Forums and blogs are great resources to obtain backlinks from, however most of the pages that your backlink may appear on will have little to no PageRank. There is a way to quickly scan an entire domain to search for blog and forum posts that do have PageRank however. Make sure that you have the SEOQuake plugin installed for this.
For the example, we will pretend our forum is located at http://www.example.com/forum
The first thing to do is to navigate to an actual forum post. The URL may look something like http://www.example.com/forum/viewtopic.php?topic=29183
What you want to do is copy the URL of the forum post and paste it into Google. You then want to delete the dynamic variable from the URL and conduct a search for only the persistent URL. What this means, is you want to delete the part of the URL that changes with every forum post you visit on the domain, and keep the part of the URL that doesn’t change. Looking at the URL in question, you can see that the end bit 29183 will change with every forum post you go to, whereas the http://www.example.com/forum/viewtopic.php?topic= part will always remain the same.
It’s the persistent part of the URL, the http://www.example.com/forum/viewtopic.php?topic=, that you want to search for in Google. You want to conduct this search in Google using the site: command. The site: command will restrict all search queries to the domain in question. This is a great way for quickly sorting through high PageRank pages on a domain. By adding the persistent part of the URL that pertains to forum and blog posts, you’ll only be searching for forum and blog posts on the same domain. The SEOQuake plugin will then display the PageRank of each result in the Google search results, meaning you can quickly scan every forum and blog post until you find one that is high in PageRank.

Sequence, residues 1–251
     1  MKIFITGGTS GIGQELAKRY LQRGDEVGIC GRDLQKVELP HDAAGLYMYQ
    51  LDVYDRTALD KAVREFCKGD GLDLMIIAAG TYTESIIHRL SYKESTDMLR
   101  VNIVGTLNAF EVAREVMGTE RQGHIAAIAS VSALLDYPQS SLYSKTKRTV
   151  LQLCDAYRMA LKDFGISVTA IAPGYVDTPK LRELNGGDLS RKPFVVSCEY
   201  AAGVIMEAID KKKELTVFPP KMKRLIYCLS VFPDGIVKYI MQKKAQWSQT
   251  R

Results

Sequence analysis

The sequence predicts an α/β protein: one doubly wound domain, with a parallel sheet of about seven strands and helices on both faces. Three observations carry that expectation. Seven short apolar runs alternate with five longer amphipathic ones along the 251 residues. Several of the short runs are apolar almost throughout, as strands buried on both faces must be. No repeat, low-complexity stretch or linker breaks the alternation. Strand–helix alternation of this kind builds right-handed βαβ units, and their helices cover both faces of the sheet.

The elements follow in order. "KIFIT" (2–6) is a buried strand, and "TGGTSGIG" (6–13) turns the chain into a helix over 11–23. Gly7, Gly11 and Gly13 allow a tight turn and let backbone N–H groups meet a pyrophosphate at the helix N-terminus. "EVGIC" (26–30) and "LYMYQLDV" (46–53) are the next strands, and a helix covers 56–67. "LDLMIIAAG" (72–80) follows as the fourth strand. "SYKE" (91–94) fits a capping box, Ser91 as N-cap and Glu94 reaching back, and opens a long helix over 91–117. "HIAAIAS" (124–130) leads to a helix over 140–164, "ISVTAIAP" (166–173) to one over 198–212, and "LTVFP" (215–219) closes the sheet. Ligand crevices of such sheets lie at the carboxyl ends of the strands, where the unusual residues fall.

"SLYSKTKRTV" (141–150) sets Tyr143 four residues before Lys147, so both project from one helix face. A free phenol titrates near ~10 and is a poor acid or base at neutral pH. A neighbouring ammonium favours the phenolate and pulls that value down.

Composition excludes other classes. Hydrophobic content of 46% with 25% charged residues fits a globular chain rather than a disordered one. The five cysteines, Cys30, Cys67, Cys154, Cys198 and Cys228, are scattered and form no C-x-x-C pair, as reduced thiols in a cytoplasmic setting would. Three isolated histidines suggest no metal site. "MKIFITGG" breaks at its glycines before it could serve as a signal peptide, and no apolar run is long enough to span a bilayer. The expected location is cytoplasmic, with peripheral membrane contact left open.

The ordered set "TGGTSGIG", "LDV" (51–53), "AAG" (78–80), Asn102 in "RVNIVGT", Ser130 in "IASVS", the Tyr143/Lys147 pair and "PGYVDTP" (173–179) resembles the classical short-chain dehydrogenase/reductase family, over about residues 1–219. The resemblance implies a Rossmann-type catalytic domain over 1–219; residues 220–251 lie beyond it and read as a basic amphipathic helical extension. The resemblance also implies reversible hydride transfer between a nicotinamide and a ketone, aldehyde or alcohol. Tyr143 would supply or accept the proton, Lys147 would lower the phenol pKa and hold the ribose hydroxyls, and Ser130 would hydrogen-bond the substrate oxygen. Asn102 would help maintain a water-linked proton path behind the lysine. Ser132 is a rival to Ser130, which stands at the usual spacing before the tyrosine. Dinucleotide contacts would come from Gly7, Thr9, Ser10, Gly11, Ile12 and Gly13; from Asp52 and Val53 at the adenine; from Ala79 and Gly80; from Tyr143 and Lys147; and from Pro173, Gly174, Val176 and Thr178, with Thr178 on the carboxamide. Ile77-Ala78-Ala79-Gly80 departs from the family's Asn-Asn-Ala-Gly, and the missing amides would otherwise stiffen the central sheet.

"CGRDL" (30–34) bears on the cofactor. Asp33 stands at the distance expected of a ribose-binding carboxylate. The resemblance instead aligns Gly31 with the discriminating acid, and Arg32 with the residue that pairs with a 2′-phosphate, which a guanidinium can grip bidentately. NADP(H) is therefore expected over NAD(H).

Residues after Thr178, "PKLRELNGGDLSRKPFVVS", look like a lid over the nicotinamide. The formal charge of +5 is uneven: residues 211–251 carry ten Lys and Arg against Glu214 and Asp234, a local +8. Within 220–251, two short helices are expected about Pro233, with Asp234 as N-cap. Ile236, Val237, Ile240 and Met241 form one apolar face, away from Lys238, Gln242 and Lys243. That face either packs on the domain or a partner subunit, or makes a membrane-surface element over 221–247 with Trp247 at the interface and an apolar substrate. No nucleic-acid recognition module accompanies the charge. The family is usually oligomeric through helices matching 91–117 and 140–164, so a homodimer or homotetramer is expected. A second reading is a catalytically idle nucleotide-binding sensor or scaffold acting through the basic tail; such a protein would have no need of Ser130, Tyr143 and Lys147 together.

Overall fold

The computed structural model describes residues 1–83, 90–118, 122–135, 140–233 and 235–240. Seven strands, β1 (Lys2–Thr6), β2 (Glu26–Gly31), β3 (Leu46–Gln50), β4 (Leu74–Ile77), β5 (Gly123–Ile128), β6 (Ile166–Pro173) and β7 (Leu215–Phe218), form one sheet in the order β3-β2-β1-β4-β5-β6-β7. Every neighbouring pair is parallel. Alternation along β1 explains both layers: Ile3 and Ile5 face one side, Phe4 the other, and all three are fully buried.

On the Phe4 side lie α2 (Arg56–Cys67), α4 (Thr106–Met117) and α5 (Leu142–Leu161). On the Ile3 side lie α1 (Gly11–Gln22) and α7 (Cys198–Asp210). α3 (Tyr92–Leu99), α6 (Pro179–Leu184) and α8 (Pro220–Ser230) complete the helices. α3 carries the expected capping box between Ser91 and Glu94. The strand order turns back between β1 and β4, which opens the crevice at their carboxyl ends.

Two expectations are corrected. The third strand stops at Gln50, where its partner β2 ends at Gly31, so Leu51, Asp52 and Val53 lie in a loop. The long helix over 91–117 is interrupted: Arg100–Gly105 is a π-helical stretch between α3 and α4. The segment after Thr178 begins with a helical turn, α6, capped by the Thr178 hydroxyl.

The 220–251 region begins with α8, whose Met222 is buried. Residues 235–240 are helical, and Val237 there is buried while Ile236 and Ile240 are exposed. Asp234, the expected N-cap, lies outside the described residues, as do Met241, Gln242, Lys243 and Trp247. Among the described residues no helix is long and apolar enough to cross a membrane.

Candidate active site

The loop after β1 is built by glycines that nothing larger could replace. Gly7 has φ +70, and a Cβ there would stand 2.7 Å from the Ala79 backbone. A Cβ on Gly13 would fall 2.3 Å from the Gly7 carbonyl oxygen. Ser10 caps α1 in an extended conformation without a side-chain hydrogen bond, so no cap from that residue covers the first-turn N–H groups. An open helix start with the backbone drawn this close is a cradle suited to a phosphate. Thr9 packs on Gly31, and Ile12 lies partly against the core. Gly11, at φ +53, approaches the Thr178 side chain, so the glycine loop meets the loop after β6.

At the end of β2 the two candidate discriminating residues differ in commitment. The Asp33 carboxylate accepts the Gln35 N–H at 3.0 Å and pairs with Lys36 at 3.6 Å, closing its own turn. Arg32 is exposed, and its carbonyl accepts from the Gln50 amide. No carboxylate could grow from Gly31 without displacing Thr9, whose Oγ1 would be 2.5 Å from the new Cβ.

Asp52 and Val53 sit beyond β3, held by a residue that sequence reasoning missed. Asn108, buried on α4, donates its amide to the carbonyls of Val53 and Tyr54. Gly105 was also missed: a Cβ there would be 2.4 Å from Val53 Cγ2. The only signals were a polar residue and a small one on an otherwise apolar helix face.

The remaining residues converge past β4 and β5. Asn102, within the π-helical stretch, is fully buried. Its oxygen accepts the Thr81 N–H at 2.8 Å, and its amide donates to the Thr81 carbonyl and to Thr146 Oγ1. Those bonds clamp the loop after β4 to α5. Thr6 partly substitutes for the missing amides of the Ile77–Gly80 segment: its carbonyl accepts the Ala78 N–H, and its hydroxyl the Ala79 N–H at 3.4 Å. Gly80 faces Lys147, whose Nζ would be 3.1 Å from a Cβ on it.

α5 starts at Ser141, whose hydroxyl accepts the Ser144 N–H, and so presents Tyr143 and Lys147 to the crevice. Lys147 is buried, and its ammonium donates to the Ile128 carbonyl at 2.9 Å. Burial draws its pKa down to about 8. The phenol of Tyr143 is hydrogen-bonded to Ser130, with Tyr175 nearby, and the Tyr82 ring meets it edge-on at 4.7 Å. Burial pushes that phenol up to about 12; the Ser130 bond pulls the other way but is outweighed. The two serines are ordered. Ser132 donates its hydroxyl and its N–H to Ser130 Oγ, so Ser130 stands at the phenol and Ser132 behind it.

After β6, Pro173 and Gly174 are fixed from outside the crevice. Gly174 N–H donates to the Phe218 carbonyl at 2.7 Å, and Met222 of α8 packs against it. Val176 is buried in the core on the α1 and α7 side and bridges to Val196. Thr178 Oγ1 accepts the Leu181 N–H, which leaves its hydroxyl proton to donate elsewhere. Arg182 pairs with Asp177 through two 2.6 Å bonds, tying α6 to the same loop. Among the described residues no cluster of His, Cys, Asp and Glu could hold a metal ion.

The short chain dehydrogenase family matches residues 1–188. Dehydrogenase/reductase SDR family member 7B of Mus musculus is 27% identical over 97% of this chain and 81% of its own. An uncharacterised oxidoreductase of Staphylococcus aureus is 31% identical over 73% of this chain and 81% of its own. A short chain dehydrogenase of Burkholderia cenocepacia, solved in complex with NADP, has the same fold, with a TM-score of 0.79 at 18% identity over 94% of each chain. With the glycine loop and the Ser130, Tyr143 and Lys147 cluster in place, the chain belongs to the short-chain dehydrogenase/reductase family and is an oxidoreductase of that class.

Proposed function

For our example, to do this, you would type the following query into Google search: site:http://www.example.com/forum/viewtopic.php?topic=
You would also need to make sure that your search results are set to display 100 results per page. That way you can find a forum or blog post with high PageRank much faster.
Keep in mind that this strategy will only work for forum or blogs that actually do contain posts with high PageRank. Before you begin, a good way to determine if any forum or blog posts on a domain will contain any PageRank is to check the PageRank of the forum/blog index itself. If this is low (2 or below) then odds are that none of the posts will contain any PageRank of themselves. If it’s high (5 or above) then you can be almost certain that you’ll find something.